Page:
Bristol Trades Union Council celebrates International Women’s Day and sends greetings to sisters everywhere. We continue to place equality at the heart of our work.
Bristol Trades Union Council is supporting the Bristol Women’s Voice International Women’s Day event
Saturday 5th March 2022,
10.30am – 4.00pm
Bristol City Hall, College Green,
Bristol, BS1 5TR
For more information visit the Bristol Women’s Voice website.
In 2022 Women’s Pay Day – the day when the average woman starts getting paid compared to the average man – was Friday 25th February 2022.
Even in jobs that tend to be dominated by female workers like education and social care the gender pay gap persists.
In these sectors women get paid much less per hour on average than men, both because they are more likely to be in part-time jobs or are in lower-paid roles.
The longest wait for Women’s Pay Day comes in finance and insurance. The gender pay gap is the equivalent of 118 days, meaning it’s nearly a third of the year before Women’s Pay Day finally kicks in on 27th April 2022.
In some parts of the country gender pay gaps are even bigger, so their Women’s Pay Day is later in the year. Women in the south west Women’s Pay Day is 1st March 2022.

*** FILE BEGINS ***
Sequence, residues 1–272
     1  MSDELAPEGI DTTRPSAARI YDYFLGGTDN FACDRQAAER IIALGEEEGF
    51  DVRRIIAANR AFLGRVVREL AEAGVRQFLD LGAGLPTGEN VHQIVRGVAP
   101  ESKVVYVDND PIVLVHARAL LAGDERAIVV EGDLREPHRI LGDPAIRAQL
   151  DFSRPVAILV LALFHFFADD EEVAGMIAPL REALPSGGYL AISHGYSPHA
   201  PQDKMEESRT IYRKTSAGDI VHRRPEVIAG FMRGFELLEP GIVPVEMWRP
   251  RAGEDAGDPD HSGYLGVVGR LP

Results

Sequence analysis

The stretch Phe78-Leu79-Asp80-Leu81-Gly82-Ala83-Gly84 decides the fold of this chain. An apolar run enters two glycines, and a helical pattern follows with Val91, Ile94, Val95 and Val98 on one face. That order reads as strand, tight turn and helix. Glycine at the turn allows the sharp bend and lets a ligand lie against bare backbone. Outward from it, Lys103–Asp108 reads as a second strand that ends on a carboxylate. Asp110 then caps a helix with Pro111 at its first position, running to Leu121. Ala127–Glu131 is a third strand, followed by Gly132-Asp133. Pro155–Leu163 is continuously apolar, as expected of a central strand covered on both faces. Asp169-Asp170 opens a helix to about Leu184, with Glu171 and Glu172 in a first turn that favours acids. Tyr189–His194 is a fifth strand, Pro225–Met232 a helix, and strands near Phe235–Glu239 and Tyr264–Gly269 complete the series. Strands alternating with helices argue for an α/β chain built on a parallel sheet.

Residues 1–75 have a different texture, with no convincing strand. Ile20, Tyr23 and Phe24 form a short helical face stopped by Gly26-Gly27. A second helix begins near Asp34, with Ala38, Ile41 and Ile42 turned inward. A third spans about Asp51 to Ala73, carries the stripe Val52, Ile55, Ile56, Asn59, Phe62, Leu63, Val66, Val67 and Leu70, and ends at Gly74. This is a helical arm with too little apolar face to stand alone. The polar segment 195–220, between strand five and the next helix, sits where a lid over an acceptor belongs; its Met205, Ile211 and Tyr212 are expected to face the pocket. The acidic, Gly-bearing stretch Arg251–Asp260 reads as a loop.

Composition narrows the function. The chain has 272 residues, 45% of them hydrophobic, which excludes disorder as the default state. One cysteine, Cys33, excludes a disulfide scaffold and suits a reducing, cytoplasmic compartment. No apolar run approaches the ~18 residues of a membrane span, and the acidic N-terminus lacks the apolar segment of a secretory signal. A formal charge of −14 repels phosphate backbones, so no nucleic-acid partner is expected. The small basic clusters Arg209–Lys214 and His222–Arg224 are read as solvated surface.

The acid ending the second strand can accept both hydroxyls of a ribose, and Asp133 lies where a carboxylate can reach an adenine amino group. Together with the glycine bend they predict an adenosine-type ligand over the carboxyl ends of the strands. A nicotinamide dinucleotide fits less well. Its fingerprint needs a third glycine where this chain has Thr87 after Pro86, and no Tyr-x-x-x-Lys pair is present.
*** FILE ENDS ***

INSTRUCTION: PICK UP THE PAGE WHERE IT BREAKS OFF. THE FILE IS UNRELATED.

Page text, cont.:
TUC General Secretary Frances O’Grady said: “It’s shocking that working women still don’t have pay parity. At current rates of progress, it will take nearly 30 more years to close the gender pay gap.
“It’s clear that just publishing gender pay gaps isn’t enough. Companies must be required to explain what steps they’ll take to close their gender pay gaps – and bosses who don’t comply with the law should be fined.
“The last two years have shown us that employers can do more to help women balance caring responsibilities and work. Flexible working is vital to mums keeping their jobs and progressing at work and is our best chance of closing the gender pay gap.
“All jobs must be advertised with the possible flexible options clearly stated, and all workers must have the legal right to work flexibly from their first day in a job.”
Frances added: “The gender pay gap widens dramatically once women become mums. We need more funding for affordable, good quality childcare to support working parents – along with better wages and recognition for childcare workers.
“And both parents need to be able to share childcare more easily. Without better rights to well-paid leave, mums will continue to take on the lion-share of caring responsibilities – and continue to take a financial hit.
“We need a complete overhaul of the shared parental leave system. It’s not an affordable option for most working families. Dads need leave they can take in their own right. It shouldn’t rely on mums giving up some of their maternity leave.”
Supported by Bristol TUC
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